Adapted for ProHealth.com and reprinted with kind permission of Jenny Lelwica Buttaccio from lymeroad.com
What’s it like to battle depression and an overlapping medical condition? ProHealth editor, Jenny Lelwica Buttaccio, shares an essay she wrote during a time that seemed hopeless.
My legs were too weak to stand and my brain too broken to sleep. I spent most of 2012 and 2013 lying agonizingly in my bed. Days became weeks. Weeks became months. Over time, my 10-year battle with Lyme disease seemed impossible to overcome and discouragement set in.
When I was about five years old, my family (my mom, my brother, my grandma, and I) packed into a car and headed for a summer vacation in South Dakota to see Mount Rushmore. At that age, I was more excited about making sure our motel had a pool than seeing a bunch of dead presidents’ faces carved in stone.
After a long drive, we arrived at the motel just in time for me to get in a quick swim before dark. My brother and I jumped into our bathing suits, and with a giant splash, we were in the pool. My mom watched us from a lawn chair on deck. My brother, being four years older than me, was a good swimmer. He could go in the deep end, but I was still too little. I would hold on to the ledge and pull myself around the pool, dreaming of the time when I would one day be big enough to let go. Eventually my brother got bored of swimming with his little sister and went into the motel to watch TV.
I am a little uncertain as to how exactly the following sequence of events unfolded. I don’t remember letting go of the ledge, but I do recall suddenly finding myself in the middle of the deep end of the pool…sinking. I tried kicking my arms and legs but my attempts at the doggie paddle were ineffective for keeping me afloat. As my head bobbed up and down from the water, I called out to my mom for help; I was drowning.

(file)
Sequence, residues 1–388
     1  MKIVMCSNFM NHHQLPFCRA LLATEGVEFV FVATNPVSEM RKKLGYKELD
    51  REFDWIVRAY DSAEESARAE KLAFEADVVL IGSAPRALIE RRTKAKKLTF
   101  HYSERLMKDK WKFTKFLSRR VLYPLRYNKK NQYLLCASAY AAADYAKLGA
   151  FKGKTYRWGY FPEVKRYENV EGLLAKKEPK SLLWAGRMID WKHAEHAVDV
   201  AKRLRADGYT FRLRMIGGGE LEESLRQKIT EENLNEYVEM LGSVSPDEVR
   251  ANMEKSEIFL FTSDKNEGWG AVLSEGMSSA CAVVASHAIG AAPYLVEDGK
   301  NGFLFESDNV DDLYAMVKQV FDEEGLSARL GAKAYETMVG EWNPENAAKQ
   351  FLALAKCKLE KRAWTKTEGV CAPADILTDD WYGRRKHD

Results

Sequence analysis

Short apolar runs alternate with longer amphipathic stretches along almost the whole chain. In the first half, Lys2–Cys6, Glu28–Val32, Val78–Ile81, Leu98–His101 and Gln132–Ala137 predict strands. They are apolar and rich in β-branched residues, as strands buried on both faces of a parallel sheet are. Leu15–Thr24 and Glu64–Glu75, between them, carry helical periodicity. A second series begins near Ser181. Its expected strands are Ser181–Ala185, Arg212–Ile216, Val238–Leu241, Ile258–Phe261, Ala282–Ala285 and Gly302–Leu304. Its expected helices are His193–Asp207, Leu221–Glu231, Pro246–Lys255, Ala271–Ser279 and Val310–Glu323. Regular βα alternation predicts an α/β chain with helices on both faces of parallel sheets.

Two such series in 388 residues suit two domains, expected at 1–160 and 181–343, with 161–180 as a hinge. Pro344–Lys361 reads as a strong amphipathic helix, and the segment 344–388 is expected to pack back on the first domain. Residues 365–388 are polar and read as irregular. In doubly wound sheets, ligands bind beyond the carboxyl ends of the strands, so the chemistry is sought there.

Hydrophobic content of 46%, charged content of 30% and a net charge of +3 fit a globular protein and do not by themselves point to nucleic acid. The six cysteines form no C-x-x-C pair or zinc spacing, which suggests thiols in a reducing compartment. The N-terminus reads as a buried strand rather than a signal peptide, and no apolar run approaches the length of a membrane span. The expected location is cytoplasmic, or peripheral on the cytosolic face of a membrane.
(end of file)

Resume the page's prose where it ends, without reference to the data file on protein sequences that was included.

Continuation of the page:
My little body began to sink to the bottom of the pool. Through a haze of chlorine-filled blueness, I could see my mom standing up from her lawn chair. She was quickly trying to remove her shoes. Though it seemed like minutes had gone by, in reality, I suspect only a matter of seconds had occurred.
In the midst of chaos and panic, an idea popped into my head. I decided to stop struggling, and with a giant gasp of air, I allowed my body to sink to the bottom of the pool. In the depth of the pool, the water had become so dark that I could no longer see my mother—I was alone and unsure of what my next move would be.
As I scanned the bottom of the expansive pool, a thought came to me. I could jump with all my might to the top, take a breath, and sink back down again. I would continue to do this until I had bounced my way back to shallower waters. With all the might my five-year-old body had in it, I sprang from the pool floor and aimed myself in the direction of the shallow end. My head rose above the water, and I saw my mother frantically heading into the pool.
I called to her. “I’m okay!” I yelled as the water engulfed me yet again.
My feet landed on the bottom of the pool for the second time, but I could immediately tell I was no longer in the deepest parts. Instantly, I rebounded to the surface again. “Look! I can bounce back!” I shouted to my mom before I faded back under the water.
“I am almost there.” I called to her upon resurfacing for the third time.